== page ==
However, every Christmas I do have those pangs in my heart to visit Chatham and the people there that I love. So many favourite memories in my life happened there.
Monday, December 15, 2008
Friday, December 12, 2008
God sees you, he knows what's happened,
he knows you.
He knows when you sit and when you sleep.
He knows your tangled thoughts; he knows them straight.
He knows when you're not here
and where you are when you're gone.
He knows your ways.
Before your words are lost before they get to your tongue,
he knows what you were about to say, what you meant.
He knows you.
There's nowhere you can go, Dad, where God won't go with you,
where God's Spirit won't comfort you, can't hold you.
As your light turns to night, even this darkness won't hide you.
God sees you clearly because because dark is light to him.
He'll go with you.
And he thinks of you, Dad,
The number of times, the many ways God cares for you,
if we tried to count them, would outnumber
sand on the beach.
So you can rest easy,
while I count.
I'm counting Mom's tears.
I'm counting the slights, the indignities, the affronts
to your pride.
I'm counting the frayed edges, the missing pieces of your
But we'll get through this, Dad,
because when you awake - everyday and someday - you
will be with him.
And someday I too will awake with him, with you.
--Richard J. DeWaard
From the December 2008 Banner.
Where? Home of Brian and Jenn vanOosten. Let me know if you need an address or directions. Please go through the gate at the end of the driveway to the back door.
When? Drop by between 7pm and 10pm this coming Sunday, December 14th.
Hope to see you on Sunday!
Monday, December 08, 2008
This photo is most of us on Saturday night at MacNab. I suspect that the photo was taken as we were filing in after the intermission, as there is a lack of Dr T on stage and most of the sopranos on the right hand side are missing. If I was on stage, my head would be poking out beside the tall guy (Art Smit) at the back right in front of the doorway.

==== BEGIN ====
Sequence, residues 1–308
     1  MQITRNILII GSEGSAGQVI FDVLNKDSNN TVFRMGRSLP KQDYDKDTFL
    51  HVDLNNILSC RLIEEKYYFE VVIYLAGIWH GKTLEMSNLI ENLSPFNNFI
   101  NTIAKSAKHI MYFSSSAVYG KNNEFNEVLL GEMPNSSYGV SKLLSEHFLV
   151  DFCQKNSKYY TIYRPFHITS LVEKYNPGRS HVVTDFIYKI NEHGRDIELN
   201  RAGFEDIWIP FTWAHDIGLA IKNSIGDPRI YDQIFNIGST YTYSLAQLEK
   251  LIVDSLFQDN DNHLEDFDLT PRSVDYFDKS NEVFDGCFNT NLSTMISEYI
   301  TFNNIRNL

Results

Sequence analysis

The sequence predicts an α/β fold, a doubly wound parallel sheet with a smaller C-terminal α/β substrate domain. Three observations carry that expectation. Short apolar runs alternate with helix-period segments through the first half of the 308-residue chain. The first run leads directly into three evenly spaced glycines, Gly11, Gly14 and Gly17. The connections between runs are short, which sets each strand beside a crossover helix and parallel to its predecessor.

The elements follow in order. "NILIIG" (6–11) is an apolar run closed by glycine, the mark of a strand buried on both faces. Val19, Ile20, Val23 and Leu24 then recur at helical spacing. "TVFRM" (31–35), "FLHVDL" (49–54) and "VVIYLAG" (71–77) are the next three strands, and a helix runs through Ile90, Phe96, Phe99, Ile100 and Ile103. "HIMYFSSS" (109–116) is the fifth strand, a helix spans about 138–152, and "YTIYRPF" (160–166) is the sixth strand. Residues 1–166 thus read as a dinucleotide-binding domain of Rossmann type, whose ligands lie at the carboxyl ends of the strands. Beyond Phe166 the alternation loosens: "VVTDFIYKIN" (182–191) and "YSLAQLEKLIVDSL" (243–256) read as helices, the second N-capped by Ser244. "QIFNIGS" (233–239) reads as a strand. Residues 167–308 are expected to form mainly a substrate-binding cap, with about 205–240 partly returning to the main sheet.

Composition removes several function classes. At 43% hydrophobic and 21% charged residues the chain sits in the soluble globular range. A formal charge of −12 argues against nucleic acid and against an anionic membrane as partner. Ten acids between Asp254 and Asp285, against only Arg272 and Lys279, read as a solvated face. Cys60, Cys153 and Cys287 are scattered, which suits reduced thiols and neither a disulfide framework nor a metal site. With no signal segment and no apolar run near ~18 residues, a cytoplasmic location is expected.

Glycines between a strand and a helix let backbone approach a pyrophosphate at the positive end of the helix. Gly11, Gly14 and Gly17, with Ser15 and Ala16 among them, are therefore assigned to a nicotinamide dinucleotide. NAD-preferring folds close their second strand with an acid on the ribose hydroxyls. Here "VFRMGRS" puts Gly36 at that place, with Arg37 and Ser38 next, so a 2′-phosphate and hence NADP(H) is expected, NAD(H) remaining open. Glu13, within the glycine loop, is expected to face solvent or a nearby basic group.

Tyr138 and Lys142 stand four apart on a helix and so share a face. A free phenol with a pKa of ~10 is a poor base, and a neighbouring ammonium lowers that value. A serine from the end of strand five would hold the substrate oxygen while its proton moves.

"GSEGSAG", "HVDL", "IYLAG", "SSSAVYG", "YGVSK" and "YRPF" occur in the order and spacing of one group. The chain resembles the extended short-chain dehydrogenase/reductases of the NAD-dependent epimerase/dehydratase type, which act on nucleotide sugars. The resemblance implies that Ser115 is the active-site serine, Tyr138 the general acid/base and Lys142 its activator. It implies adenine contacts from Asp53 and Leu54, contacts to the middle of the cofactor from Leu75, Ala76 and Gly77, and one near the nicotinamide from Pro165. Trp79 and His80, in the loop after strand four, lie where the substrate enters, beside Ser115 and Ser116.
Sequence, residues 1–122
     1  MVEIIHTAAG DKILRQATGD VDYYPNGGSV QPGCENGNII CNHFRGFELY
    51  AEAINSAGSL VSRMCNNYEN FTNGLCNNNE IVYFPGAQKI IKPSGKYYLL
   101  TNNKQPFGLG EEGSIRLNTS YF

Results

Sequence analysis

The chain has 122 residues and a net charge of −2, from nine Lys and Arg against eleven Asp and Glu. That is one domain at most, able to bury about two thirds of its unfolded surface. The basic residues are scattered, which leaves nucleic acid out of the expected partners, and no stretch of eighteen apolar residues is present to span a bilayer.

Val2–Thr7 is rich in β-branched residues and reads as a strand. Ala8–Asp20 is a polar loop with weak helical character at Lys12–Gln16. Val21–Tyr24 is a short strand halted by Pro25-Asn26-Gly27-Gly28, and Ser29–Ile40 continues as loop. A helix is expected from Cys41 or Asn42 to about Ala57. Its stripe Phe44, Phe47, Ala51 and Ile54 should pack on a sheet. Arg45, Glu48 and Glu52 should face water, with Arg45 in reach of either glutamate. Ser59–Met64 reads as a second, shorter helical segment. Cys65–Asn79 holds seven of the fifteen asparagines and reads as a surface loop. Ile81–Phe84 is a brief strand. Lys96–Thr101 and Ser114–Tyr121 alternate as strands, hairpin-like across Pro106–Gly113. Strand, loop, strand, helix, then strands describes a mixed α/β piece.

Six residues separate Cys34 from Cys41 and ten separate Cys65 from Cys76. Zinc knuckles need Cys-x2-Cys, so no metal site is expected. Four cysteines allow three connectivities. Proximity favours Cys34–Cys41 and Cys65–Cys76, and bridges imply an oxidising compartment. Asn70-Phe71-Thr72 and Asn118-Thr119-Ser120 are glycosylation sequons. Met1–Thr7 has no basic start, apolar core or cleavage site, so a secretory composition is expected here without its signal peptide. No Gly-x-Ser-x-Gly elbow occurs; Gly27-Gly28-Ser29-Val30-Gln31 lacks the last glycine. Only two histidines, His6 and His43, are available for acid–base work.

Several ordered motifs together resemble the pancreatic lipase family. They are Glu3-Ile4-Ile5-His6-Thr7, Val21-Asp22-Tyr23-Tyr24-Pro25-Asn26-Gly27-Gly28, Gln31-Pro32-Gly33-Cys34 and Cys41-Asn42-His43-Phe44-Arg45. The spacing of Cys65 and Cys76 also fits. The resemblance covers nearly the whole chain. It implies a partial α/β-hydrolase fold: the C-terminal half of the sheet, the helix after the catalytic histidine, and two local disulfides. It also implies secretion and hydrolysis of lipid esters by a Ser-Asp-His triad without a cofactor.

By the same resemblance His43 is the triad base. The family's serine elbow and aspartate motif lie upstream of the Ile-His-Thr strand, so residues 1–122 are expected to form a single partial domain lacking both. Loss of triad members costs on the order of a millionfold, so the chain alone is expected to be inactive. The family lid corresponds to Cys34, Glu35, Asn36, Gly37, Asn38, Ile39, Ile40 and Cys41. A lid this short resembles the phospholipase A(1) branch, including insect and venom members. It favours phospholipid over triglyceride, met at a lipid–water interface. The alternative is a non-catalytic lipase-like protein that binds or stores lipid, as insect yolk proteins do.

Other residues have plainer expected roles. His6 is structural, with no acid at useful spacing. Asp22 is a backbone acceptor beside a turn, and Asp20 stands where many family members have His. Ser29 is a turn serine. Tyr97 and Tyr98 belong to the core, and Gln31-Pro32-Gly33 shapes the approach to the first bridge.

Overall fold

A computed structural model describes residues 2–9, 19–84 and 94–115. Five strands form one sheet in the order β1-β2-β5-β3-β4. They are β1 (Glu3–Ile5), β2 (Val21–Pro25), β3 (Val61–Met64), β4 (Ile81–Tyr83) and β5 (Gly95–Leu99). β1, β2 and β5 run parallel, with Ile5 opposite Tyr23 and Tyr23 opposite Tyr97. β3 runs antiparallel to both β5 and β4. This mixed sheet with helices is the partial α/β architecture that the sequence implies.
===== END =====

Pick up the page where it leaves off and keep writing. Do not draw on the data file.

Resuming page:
The photo at the top of the post below is from Friday night's performance at Redeemer.
Sunday, December 07, 2008
Redeemer University College Auditorium
MacNab Presbyterian Church
This weekend, Brian and I had the opportunity to join 87 other members of the Redeemer University College Concert Choir and Alumni Choir to perform the quadrennial Messiah concert. Four years ago, Brian and I also sang, but he was with the Alumni and I was with the Concert Choir. Thus began our romance. :)
There are so many things to write about this year's performance that I have trouble finding a place to begin. Perhaps I shall start with last night. Wow. Last night, we had the opportunity to sing at MacNab Presbyterian down town (Dr T's home church). What an acoustic space! From the first go, the choir was bang on (well, as much as the Redeemer choir can be). There was about a three second echo in the church, which was awesome. Chris (since he's my colleague now, I'm allowed to call Dr T that) was thrilled with the first few choruses, and his joy was reflected in our voices. We were standing in a U shape which meant that I could hear every part as clear as a bell. It gave me chills. We nailed the Amen, though I had a hard time getting through the last few notes as a) I was losing my voice in a bad way and b) I was really choking up.
Also fantastic were the soloists. I would have to say that my favourite by far was Andrew Tees, baritone. He showed up at rehersal on Friday afternoon cracking jokes and dancing around the stage. He sang along with the other soloists as they rehearsed. He looked like a bit of a class-clown and had the aura of an NFL and NASCAR junkie - but when he opened his mouth and sang - wow. I believe I swooned. On Saturday evening as we were singing, he was facing my row and everytime the choir got up to sing he just looked as if it was the most exciting part of the evening. That was nice to see, as I couldn't actually see any of the audience from my back corner position.